One looks backward; the other, forward. First, we commemorate Jesus’ redemptive death. Second, we anticipate his return in company with all the redeemed. These two points remain central to all three Synoptic accounts and should form the heart of any theology of this ordinance.
After the meal, the disciples accompany Jesus out of Jerusalem and back east to the Mount of Olives, where they will spend the night. When they arrive, Jesus surprises them by telling the eleven remaining disciples that every one of them will abandon him because of the events that would transpire this Thursday night. When a shepherd is struck, his sheep will scatter. However, unlike Judas, the disciples will get another chance to renew their allegiance to Jesus after he rises from the dead and meets them in Galilee.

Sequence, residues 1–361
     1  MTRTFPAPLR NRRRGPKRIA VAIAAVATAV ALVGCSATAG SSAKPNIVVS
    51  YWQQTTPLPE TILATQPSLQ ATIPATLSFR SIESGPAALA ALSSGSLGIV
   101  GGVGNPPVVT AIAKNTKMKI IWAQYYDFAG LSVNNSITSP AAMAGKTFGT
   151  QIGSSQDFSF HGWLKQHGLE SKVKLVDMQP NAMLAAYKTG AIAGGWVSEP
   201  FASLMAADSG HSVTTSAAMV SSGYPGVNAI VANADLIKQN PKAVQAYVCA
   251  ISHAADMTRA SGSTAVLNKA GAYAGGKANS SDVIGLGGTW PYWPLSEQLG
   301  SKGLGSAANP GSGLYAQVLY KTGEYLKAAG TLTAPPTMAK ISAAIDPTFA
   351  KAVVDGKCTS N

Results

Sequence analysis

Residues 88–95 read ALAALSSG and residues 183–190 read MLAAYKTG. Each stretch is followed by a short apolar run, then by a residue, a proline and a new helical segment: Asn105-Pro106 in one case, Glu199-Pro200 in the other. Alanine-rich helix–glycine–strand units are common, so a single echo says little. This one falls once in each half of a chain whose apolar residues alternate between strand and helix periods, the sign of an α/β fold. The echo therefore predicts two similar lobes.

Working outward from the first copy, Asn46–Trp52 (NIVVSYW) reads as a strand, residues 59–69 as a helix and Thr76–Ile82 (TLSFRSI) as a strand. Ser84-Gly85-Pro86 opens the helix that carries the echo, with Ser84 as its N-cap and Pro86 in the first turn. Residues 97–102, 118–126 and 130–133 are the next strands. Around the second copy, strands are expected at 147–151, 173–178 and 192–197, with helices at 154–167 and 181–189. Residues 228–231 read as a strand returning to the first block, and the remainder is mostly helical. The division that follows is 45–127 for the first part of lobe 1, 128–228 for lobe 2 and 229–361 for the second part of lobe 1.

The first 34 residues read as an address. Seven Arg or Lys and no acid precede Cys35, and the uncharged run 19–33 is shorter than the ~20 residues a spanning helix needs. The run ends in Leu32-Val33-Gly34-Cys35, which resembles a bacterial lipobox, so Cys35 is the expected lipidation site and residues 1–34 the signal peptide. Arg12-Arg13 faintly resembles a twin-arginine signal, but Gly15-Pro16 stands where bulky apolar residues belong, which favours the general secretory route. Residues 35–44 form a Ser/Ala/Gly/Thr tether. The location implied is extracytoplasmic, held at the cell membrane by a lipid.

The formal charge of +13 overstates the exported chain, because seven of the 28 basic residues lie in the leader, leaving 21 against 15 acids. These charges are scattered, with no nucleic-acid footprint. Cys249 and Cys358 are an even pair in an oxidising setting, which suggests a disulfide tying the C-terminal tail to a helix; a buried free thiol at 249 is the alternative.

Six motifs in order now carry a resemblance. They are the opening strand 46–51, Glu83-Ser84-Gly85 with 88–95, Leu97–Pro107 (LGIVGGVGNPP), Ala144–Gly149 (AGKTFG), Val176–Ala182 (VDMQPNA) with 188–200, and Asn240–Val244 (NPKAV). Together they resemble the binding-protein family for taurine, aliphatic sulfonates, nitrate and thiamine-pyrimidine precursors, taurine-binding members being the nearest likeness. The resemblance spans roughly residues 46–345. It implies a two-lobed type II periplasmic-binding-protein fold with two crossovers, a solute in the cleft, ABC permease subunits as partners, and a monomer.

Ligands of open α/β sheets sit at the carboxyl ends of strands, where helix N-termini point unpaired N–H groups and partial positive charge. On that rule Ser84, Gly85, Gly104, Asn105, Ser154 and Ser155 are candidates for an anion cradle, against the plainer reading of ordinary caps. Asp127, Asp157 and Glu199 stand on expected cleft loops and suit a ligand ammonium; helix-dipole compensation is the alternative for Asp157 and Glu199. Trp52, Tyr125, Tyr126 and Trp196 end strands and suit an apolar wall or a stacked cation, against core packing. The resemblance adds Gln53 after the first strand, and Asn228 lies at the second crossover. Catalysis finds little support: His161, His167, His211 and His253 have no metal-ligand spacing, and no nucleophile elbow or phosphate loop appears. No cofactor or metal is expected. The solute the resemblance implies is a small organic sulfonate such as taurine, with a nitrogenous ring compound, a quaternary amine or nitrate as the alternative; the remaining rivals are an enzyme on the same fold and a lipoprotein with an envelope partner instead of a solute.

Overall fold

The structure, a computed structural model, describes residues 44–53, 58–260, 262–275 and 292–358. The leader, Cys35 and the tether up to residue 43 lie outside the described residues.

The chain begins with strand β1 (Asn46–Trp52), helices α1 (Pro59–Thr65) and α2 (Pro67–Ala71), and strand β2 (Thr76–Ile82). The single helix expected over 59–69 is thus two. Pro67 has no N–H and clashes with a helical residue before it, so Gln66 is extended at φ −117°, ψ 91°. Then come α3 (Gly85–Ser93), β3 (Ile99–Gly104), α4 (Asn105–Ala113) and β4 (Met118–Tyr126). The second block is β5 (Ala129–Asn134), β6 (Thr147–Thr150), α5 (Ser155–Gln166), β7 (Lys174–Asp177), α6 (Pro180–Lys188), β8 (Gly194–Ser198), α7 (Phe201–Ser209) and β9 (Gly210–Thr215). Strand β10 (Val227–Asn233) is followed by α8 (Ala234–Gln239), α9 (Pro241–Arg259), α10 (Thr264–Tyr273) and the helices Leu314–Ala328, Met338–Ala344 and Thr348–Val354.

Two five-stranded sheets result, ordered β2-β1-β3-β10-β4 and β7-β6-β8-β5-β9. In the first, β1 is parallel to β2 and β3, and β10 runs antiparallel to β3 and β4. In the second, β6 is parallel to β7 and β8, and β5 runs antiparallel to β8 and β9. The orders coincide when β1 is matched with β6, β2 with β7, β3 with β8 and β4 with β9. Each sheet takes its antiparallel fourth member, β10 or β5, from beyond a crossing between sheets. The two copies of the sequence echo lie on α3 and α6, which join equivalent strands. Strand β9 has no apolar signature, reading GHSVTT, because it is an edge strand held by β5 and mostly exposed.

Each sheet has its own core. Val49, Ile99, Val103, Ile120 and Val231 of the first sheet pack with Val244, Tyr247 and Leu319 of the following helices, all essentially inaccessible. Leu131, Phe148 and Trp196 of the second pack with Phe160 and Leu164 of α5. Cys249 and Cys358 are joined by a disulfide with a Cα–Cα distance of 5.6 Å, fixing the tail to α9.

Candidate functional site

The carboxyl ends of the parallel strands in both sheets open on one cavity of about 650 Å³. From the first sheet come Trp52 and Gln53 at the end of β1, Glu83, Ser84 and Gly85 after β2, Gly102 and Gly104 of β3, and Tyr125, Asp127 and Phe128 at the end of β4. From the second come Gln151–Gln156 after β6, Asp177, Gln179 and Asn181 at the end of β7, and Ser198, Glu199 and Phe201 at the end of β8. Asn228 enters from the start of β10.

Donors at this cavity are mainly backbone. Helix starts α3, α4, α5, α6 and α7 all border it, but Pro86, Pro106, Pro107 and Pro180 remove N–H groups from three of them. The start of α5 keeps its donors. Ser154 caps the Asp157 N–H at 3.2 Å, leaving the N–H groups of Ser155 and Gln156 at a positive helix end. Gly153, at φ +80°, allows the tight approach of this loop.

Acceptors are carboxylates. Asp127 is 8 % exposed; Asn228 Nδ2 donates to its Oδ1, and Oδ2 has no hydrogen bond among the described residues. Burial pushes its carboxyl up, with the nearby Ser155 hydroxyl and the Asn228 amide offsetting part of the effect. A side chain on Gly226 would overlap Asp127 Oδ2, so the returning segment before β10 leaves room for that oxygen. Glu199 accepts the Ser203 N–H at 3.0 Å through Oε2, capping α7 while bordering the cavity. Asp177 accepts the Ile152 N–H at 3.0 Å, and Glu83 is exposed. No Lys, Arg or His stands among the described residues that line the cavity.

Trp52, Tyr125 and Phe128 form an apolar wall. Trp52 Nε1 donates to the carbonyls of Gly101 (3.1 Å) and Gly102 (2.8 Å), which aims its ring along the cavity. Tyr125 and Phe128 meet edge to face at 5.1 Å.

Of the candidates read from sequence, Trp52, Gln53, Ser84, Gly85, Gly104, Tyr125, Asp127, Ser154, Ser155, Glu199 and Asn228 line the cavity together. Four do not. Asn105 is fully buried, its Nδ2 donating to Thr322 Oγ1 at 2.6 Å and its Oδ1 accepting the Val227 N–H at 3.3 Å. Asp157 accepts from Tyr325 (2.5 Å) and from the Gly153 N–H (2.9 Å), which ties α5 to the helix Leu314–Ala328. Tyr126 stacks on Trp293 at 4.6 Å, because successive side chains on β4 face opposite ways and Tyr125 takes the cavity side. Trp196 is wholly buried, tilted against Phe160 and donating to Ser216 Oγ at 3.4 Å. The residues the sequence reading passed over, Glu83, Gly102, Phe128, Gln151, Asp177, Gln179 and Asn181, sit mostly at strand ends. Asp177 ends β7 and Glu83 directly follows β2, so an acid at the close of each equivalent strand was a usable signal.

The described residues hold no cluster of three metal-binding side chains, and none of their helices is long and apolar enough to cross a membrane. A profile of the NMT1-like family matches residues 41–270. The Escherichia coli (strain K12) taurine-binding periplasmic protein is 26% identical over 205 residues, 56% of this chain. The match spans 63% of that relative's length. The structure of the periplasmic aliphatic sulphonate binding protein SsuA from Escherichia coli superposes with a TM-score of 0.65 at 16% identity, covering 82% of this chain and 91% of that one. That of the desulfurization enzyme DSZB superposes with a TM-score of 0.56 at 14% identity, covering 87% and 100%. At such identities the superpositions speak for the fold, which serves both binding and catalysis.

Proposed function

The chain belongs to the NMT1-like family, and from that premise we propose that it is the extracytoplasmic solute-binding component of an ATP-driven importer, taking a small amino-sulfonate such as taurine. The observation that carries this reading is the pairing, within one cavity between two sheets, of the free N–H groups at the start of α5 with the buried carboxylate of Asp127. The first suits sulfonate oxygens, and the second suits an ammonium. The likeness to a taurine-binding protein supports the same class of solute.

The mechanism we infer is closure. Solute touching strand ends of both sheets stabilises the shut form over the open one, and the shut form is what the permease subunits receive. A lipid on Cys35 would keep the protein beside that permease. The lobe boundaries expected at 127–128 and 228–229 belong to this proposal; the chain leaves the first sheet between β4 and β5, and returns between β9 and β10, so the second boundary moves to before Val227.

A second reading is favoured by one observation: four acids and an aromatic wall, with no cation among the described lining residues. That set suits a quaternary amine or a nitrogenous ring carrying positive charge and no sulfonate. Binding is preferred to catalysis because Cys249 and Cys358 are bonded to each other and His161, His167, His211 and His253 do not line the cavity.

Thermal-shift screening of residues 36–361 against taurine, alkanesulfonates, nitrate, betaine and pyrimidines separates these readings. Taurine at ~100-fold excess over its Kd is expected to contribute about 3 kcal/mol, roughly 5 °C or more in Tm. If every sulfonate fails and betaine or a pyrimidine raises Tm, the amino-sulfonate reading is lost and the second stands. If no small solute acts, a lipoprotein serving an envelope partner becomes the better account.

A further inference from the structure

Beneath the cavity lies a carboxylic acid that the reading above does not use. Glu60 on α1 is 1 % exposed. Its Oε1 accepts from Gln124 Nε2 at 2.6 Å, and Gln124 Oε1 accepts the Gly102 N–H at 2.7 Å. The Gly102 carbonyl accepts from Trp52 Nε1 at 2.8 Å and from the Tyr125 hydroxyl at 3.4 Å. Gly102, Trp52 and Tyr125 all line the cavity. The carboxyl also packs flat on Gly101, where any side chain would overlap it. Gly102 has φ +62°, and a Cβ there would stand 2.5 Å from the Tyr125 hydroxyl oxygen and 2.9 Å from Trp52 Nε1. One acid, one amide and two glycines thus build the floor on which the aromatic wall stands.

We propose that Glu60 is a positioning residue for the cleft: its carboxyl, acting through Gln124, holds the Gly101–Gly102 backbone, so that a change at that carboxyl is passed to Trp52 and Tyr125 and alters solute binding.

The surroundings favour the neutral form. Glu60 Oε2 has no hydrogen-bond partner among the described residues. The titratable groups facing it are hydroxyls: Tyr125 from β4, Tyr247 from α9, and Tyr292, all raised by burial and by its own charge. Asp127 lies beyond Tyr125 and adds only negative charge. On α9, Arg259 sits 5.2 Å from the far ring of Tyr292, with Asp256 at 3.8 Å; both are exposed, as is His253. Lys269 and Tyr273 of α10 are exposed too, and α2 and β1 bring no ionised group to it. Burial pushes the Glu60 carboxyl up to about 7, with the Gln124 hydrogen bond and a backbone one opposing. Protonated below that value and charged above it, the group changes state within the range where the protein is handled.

The disciple, Peter, once again sticking his foot in his mouth, insists that even though all the other disciples abandon Jesus, Peter will never do so. Jesus corrects Peter and tells him that he will deny Jesus three times before dawn breaks Friday morning (before the rooster crows). Peter, however, vows along with the other disciples that he would die before denying Jesus. How is Peter’s denial of Jesus different from Judas’ betrayal Jesus to the chief priests? Blomberg writes:
Peter’s impulsive denial of Jesus is obviously not as treacherous as Judas’s premeditated betrayal, but Jesus has already said that any who disown him ‘before men’ he will disown before his Heavenly Father (10:33). So the difference between Peter and Judas lies primarily in their subsequent behavior. One may either deny or betray Christ and be forgiven if one genuinely repents. Without repentance (a change of heart followed by right action), both remain equally damning.